Yesterday (Aug. 15), the Solar and Heliospheric Observatory (SOHO) watched a comet meet its demise as the dirty snowball dove directly into the sun, according to Space Weather astronomer Tony Phillips.
In the video captured by SOHO, you can see a number of objects zooming around the sun, which is blocked by an opaque disk to reduce glare. Seemingly right on top of the sun is Venus, which is bright and easy to spot. Left of center and not quite as bright as Venus, you can also see Mars. Just about 10 seconds into the video, the sun-bound comet suddenly becomes obvious and easy to detect.
Staying on course, the comet continues to head directly for the sun, where it is charges through the sun's atmosphere and is ultimately destroyed (though, of course, you can't see that in the video). This comet is most likely a Kreutz sungrazer, according to Phillips.
Kreutz sungrazers are an interesting group of comets as there is no official definition for them. They have been observed for hundreds of years and were studied by Heinrich Kreutz in the 1880's and 1890's. These comets are thought to be fragments derived from a giant, ancient comet.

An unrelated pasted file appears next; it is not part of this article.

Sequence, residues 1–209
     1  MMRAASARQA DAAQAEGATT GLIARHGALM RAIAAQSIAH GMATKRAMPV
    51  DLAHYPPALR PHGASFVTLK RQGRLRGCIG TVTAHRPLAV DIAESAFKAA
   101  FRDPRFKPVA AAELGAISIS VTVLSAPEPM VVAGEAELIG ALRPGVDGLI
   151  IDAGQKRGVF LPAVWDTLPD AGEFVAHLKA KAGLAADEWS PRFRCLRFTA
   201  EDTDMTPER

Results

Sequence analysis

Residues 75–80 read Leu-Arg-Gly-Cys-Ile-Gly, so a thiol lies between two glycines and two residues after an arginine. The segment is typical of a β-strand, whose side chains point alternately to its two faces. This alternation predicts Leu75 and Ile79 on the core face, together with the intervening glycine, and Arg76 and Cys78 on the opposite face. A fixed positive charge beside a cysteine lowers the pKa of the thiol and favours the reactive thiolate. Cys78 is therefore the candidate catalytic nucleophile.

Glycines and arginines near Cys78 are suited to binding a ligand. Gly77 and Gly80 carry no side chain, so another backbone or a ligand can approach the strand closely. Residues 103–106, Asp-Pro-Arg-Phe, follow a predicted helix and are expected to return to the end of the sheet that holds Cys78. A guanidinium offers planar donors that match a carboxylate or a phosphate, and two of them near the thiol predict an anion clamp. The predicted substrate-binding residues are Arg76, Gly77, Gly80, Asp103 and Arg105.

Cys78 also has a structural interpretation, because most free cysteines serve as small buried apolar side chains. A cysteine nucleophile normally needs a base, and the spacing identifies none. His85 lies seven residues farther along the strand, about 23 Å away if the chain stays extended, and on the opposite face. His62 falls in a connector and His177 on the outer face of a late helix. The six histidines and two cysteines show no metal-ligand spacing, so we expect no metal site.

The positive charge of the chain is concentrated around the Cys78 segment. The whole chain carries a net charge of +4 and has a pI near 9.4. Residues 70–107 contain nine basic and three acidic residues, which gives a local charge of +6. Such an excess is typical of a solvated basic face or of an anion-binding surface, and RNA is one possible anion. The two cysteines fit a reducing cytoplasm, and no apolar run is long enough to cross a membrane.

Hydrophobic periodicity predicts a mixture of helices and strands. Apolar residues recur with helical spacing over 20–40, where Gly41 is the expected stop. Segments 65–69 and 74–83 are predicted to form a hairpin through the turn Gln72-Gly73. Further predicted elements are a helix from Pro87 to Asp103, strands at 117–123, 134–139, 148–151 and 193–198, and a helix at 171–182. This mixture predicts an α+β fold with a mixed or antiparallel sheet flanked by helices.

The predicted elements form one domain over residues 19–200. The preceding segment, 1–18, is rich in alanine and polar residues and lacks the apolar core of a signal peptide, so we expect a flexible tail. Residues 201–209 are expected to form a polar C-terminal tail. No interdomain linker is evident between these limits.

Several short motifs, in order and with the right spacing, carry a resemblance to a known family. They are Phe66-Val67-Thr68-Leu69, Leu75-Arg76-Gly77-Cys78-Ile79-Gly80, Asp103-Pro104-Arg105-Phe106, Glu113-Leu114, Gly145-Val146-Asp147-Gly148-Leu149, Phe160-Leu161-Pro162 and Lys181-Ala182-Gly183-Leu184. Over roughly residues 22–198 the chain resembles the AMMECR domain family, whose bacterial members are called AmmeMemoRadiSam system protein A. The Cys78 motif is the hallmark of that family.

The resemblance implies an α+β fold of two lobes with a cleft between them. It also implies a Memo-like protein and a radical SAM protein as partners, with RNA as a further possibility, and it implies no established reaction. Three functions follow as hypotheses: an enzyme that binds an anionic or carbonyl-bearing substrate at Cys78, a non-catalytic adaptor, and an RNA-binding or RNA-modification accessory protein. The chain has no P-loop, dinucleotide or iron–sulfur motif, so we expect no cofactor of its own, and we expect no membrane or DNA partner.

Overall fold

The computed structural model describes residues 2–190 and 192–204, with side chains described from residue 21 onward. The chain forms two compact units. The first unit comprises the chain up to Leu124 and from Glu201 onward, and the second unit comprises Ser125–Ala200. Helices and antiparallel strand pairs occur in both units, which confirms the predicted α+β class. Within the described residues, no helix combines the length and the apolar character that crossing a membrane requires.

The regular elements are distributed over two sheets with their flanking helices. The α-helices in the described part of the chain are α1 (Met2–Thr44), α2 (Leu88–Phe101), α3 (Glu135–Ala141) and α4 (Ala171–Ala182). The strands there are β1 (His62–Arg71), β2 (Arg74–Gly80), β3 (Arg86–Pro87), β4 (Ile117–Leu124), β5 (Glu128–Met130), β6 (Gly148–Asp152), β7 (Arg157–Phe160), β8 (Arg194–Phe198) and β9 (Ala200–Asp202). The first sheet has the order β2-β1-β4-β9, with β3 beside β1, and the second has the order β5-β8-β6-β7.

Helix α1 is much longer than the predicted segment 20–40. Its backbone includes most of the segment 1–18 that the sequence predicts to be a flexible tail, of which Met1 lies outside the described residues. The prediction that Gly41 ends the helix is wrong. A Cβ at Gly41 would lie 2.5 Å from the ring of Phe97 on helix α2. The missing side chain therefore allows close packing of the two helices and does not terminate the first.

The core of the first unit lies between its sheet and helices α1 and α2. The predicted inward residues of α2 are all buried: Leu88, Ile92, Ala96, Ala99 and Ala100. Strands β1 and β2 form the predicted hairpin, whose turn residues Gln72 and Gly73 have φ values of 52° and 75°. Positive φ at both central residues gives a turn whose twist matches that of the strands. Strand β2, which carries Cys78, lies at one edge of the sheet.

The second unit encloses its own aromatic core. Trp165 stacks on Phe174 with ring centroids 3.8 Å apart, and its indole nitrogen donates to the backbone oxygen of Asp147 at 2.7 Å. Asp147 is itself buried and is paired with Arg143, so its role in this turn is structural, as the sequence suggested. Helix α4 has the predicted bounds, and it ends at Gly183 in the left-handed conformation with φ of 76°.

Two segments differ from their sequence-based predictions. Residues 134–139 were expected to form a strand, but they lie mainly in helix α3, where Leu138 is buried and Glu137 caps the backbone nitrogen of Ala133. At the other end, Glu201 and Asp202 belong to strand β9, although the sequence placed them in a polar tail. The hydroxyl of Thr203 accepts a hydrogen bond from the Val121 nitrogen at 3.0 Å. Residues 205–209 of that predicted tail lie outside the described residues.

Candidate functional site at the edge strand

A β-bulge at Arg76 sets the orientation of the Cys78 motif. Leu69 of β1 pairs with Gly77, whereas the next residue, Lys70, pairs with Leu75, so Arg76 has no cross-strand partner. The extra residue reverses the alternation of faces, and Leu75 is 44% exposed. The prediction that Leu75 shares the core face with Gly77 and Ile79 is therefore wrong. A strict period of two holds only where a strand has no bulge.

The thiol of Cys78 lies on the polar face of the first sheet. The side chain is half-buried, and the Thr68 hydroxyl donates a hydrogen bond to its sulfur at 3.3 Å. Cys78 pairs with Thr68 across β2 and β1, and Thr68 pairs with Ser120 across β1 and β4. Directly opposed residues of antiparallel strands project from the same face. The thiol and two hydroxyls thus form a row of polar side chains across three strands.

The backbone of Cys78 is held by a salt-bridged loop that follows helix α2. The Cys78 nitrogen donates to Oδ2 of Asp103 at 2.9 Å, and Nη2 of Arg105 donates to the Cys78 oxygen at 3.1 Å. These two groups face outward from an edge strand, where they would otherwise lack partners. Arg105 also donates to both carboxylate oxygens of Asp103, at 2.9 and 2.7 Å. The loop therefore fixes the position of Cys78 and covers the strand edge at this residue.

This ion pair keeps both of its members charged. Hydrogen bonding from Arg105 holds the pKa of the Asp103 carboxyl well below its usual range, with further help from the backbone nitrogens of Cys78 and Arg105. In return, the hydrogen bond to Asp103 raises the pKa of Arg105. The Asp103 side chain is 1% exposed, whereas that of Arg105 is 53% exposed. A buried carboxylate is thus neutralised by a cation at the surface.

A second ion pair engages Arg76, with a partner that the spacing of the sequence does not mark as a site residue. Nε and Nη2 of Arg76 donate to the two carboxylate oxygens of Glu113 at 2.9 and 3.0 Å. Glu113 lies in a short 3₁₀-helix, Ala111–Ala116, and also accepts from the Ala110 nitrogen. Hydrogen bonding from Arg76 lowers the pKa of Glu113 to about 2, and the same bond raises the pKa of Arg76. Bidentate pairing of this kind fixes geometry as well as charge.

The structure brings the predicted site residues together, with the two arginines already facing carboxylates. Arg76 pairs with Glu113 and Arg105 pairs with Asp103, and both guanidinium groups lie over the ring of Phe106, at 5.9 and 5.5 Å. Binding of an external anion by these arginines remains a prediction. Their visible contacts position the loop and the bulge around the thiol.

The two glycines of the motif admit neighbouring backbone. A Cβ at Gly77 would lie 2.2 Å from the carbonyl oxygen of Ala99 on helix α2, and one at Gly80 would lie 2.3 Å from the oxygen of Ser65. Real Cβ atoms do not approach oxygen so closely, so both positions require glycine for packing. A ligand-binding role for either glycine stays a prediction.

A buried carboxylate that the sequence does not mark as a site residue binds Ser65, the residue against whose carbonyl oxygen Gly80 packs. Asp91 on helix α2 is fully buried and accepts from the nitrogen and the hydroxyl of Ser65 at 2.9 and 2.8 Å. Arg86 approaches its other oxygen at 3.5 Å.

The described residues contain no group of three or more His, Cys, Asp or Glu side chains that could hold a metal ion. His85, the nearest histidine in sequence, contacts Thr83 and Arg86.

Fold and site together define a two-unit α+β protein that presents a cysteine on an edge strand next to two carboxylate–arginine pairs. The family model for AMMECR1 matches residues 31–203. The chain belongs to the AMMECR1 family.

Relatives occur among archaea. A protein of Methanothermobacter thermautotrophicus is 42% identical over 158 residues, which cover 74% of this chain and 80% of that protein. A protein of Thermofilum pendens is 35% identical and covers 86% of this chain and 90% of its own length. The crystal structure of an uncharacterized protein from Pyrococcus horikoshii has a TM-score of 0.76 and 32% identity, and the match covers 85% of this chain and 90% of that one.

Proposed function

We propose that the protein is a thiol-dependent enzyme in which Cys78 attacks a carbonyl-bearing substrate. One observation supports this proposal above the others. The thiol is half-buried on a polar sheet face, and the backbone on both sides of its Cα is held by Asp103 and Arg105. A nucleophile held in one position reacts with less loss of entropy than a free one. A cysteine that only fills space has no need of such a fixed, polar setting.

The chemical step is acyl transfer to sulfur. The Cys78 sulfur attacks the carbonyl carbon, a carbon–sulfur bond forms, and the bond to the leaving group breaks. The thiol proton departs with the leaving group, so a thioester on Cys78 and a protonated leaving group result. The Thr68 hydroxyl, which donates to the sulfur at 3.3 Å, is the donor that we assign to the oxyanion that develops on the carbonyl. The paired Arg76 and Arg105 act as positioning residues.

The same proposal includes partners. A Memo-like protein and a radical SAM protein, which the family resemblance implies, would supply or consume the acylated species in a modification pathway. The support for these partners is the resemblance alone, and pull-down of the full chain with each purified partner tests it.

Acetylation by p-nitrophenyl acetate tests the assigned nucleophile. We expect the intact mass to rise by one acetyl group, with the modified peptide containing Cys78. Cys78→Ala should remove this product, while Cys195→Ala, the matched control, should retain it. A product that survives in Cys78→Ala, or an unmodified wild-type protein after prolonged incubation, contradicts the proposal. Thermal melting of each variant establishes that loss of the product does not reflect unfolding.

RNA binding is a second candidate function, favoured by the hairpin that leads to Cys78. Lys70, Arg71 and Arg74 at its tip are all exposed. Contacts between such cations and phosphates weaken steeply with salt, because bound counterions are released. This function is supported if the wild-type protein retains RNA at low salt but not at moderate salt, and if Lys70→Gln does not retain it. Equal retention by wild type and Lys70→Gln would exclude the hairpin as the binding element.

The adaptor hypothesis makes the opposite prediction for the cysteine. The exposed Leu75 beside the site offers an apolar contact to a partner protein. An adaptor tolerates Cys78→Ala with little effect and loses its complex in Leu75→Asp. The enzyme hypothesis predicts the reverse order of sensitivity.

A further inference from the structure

This is not the first comet that SOHO spotted this summer. On June 20, 2019, two comets, one a Kreutz sungrazer and the other a Meyer sunskirter — comets that don't get quite as close to the sun as sungrazers — were identified. Citizen scientists detected the pair of comets using data from SOHO and NASA Solar Terrestrial Relations Observatory (STEREO) spacecraft missions as part of the Sungrazer Project.
Incredibly, over half of all known comets have so far been discovered by the Sungrazer Project, according to the project website. Discoveries of new comets can help scientists to study comet orbits, comet composition comet evolution and more. The discovery of sungrazers like the one spotted in this video can additionally support scientific studies of the sun.
- NASA's timeline of Comet ISON's journey.
- One-page overview on How NASA Space Assets Observe Comet ISON.
- More about Comet ISON from the Chandra X-Ray Observatory.